Jenn Suhr bounced right back-back-back from her mishap at the U.S.Open meet at Madison Square Garden a week ago - when her timing was all off and she failed to clear a height - to soar all the way up-up-up to an American-record of 16 feet even (or 4.88 meters.) Then she took a single try at the world record of 5.01 meters (or 16-5 1/4) but missed and called it a day with an achy left Achilles tendon.
 
  Jillian Schwartz, the Duke grad now competing for Israel, who'd won at the U.S. Open when Suhr bombed out, settled for a second-place tie with Lacy Janson this time at 14-5 1/4.
 
  Is USA's seven-straight men's men's Olympic 400-meter gold medal streak in serious danger?
 
   Every time you see Kirani James, the U. of Alabama-trained delegate of Grenada, in action, the answer - "yes-yes-yes" is driven home with added emphasis.
 
  He's still 19. He's still growing. He's still speeding to great new PRs. His 45.96 two-lap win was a piece of beauty. He took it out quickly, held a clear lead by the break-in point, and took it right in.
 
  Do America's best - right now considered to be LaShawn Merritt and Jeremy Wariner, the last two Olympic champions, have any realistic chance of holding him off by London time?  Would it take a Usain Bolt stepping up to 400 to knock him off? Well, who's to know but stay tuned for some dynamite 400 racing.
 
 NBGP had only two straightaway races - men's 60 hurdles (winner David Oliver, USA, 7.60) and women's 60 dash (winner Murielle Ahoure, Ivory Coast. 7.13) - and just a single men's field event (shot putter Adam Nelson muscling it 69-9 1/2.)
 
   But one more good thing the NBGP does is keep the men's Masters Mile on its card, as the meet's 5 p.m. opener.
 
   Face it - we're all aging. So what better than to display the folks who laugh off their growing years and maintain personal fitness programs  so many more of us should be emulating?

  While so many other meets dumped the Masters Mile after Eamonn Coghlan's historic first-sub 4 breakthrough in 1994 - "why do this thing anymore? they queried, after the sub-4 deed by a 40-plus had been achieved.  Happily, however, the event is still alive and well on this meet's slate, and is always an NBGP interest-builder.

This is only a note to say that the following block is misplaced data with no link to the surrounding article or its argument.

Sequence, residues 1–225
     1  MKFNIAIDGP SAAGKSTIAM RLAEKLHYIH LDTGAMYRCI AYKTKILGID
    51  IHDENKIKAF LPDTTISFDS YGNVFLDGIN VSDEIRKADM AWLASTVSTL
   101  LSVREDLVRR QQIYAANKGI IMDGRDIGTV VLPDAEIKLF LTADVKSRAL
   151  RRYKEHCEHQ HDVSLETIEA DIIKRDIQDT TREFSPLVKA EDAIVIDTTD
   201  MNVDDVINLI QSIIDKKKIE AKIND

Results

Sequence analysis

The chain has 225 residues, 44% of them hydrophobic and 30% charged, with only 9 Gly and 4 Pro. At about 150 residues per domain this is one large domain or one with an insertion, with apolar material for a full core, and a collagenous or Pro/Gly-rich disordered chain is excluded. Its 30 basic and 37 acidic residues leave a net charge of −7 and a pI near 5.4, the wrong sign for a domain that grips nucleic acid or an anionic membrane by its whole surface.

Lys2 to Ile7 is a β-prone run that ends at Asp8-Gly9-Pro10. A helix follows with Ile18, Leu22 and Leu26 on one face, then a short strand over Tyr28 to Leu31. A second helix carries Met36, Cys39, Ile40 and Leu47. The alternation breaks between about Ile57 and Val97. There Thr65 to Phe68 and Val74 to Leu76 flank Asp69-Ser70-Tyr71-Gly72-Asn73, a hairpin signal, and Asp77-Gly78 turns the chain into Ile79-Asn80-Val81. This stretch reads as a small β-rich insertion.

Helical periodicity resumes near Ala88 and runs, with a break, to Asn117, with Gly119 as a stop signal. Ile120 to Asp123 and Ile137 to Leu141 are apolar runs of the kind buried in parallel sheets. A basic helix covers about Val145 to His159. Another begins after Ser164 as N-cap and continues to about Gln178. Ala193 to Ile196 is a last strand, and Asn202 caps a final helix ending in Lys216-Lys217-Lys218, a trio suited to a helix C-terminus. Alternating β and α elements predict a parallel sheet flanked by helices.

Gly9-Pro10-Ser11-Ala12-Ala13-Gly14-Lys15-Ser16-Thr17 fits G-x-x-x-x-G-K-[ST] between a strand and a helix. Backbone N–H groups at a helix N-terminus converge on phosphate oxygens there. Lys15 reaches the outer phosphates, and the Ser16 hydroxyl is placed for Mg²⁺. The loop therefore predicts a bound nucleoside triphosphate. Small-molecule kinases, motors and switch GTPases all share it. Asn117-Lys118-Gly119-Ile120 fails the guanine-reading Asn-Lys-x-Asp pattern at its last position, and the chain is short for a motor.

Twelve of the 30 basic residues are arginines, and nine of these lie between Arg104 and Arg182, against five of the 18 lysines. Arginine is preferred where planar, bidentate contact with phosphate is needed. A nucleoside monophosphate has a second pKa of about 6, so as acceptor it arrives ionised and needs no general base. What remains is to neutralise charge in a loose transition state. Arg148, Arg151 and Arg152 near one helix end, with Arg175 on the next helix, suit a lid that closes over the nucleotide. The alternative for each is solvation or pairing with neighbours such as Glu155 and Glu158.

And that's why Charlie Kern, 42,  was willing to fly in from Chicago on his own dime to run it.

   He won it for a second straight year with a 4:22.09 performance, routing Kent Lemme (4:29.89) and Ray Pugsley (4:31.13) and five more.

  "What's your secret, Charlie?" a man asked.

  "Associating with young people, for one thing, and having a supportive wife, for another,' said the former University of Kentucky now a school teacher in Elmhurst, Illinois, 15 miles west of Chi-town.

  At Kentucky, he was a 1:49 800 man and 3:44 1500-meter runner, but never got as far as the Olympic Trials. But while all of his once-contemporaries hung up their spikes years ago, Kern is still at it, still going strong, still loving it.

  In America's pervading what-have-you-done-for-me-lately? culture, it's heartwarming to see a Charlie Kern doing it - and the NBGP keeping him on display.

  And an aside to (outdoor) meet directors everywhere: The sub-4 Masters Mile is a feat yet to be achieved an outdoor meet. So why not go for it? It's an attraction sure to put a few more fans in the seats.

 One more commendable NBGP promotion: giving the high school milers, boys and girls, a chance to sparkle on this big stage.
Leading the way here were (boys) Craig Engels of Pfaffown, North Carolina (4:13.70) and (girls) Haley Pierce of Wilmington, Delaware (4:47.59.)

  But one more question?  Sure we know this is all New Balance's idea and they're footing the bill - but why in the heck does NB outfit every single HS competitor in an identical kit?  All the boys and all the girls were clad in all-black NB attire, thus making it virtually impossible for anyone in the audience (other than family, friends and classmates) to reckon who was who. Please, please, NB, conjure up a better color scheme for 2013.

 And, of course, the same as well for all the shoe/attire sponsors who forever insist on identically decorating all their elites, sprints to the marathon..

 NB brass, take note. Apart from relays, this is an individual's sport. Look, look, over the rainbow, guys.


For more on the 2012 New Balance Indoor Grand Prix, please check out www.nbindoorgrandprix.com.

1 Comment | Leave a comment

I was there and loved the meet. Great action and matchups. However, from my front row seats in the cheap section half the meet was obscured by fans(?) continually walking back and forth in front of the seats throughout the entire meet and particularly during the races. Don't people know how to sit still anymore? They was worse than the 4th graders I teach. If you have to move, do it when a race is not being run. Other than that the meet was fantastic!